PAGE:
The lettuce does not want to be the lettuce
we know—succulent, riffle-edged,
green to the tongue, moist
and fresh as the cheek of a child.
The letttuce wants more; that stalk
cries out to stretch, to lengthen
into a tower, a scepter, a spurt
of flowers, a spatter of seeds,
its humid leaves yearn to turn
to thorny spears, jagged blades.
It thinks, if lettuce can think,
of the day it will have met
its purpose, and can stand emptied
out, withering, dessicated, fulfilled.
But I will not allow it.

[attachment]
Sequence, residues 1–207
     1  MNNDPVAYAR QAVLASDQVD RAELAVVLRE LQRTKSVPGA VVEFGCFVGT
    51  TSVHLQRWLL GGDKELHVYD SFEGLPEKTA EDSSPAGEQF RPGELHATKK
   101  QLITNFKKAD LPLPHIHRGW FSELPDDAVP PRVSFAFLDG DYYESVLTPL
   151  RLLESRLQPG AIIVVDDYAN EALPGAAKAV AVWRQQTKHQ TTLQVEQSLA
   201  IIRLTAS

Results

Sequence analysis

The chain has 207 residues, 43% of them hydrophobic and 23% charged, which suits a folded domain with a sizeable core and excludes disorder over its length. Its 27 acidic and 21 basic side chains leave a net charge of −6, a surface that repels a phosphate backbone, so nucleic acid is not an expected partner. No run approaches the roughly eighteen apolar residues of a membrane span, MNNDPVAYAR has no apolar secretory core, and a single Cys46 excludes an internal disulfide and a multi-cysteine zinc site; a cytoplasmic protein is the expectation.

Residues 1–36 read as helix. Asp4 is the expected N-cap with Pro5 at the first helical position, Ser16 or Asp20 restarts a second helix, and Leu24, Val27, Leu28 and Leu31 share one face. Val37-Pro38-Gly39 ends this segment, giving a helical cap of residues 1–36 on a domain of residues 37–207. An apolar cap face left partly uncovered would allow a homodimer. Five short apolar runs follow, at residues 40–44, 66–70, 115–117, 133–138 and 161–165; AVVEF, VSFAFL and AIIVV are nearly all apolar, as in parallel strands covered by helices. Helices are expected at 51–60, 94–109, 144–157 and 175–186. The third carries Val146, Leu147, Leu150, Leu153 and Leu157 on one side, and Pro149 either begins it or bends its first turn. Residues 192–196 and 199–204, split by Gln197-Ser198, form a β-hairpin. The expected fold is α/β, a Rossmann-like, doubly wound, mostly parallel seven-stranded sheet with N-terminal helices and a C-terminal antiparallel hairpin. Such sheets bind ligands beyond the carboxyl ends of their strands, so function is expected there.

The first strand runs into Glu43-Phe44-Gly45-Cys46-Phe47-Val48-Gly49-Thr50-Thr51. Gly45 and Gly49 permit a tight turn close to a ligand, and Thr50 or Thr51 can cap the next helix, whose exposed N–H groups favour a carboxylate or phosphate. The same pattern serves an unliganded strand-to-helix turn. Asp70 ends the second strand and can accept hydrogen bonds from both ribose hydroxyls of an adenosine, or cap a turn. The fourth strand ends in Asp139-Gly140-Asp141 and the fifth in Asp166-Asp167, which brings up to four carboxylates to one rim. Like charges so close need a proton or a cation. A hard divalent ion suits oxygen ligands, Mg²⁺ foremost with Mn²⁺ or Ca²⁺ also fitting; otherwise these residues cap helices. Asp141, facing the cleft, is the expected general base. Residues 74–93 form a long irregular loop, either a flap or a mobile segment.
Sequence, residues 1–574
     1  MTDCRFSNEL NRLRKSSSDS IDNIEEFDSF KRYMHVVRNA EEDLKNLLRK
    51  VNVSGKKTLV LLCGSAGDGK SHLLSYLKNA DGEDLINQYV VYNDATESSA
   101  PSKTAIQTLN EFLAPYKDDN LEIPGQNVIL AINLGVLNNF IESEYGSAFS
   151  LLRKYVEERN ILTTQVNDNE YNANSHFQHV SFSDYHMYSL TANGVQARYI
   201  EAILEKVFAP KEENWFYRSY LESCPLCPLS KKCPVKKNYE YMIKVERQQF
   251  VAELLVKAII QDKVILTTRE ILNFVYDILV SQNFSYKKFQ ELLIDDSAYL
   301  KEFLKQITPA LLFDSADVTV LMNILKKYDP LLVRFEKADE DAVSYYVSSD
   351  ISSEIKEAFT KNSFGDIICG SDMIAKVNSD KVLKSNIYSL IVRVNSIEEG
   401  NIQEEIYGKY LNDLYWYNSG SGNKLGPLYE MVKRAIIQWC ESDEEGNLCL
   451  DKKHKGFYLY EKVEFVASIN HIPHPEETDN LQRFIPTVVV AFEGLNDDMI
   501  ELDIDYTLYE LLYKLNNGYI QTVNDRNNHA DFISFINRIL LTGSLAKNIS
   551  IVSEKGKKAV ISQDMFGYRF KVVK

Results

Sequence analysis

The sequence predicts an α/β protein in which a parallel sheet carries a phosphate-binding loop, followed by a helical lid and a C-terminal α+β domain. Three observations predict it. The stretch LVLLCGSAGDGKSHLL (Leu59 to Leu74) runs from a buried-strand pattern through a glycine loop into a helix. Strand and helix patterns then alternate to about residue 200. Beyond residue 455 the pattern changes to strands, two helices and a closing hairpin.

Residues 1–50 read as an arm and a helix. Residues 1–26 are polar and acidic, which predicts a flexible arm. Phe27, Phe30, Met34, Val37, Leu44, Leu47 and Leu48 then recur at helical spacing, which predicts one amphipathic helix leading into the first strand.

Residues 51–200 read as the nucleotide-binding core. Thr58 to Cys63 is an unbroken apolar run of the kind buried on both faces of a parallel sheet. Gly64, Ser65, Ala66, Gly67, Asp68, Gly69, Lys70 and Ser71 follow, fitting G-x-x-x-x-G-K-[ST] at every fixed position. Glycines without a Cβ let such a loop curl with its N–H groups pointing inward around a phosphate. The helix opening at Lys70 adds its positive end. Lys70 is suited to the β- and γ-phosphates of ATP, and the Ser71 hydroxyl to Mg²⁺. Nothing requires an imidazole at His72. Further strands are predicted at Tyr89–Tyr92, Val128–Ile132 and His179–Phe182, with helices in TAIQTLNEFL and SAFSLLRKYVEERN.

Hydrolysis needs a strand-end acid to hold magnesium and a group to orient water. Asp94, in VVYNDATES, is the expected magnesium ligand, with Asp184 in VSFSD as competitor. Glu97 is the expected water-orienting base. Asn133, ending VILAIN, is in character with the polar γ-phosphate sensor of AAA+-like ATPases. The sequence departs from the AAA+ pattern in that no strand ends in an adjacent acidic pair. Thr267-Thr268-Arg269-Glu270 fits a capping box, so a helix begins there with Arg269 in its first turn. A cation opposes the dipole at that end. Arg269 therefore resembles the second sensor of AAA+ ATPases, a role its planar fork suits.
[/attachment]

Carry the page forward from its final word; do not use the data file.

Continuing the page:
Brutal knife in hand I take
to the garden, I snick off the full
heavy stalk, I demand
a head. I thwart the lettuce
in its climb to power and peace,
I insist that it remain full, potential,
a Lolita of lettuces,
turgid, prepubescent, delicious.
Let us be forgiven our hunger, our lust,
out of which, lettuce, I have sinned against you.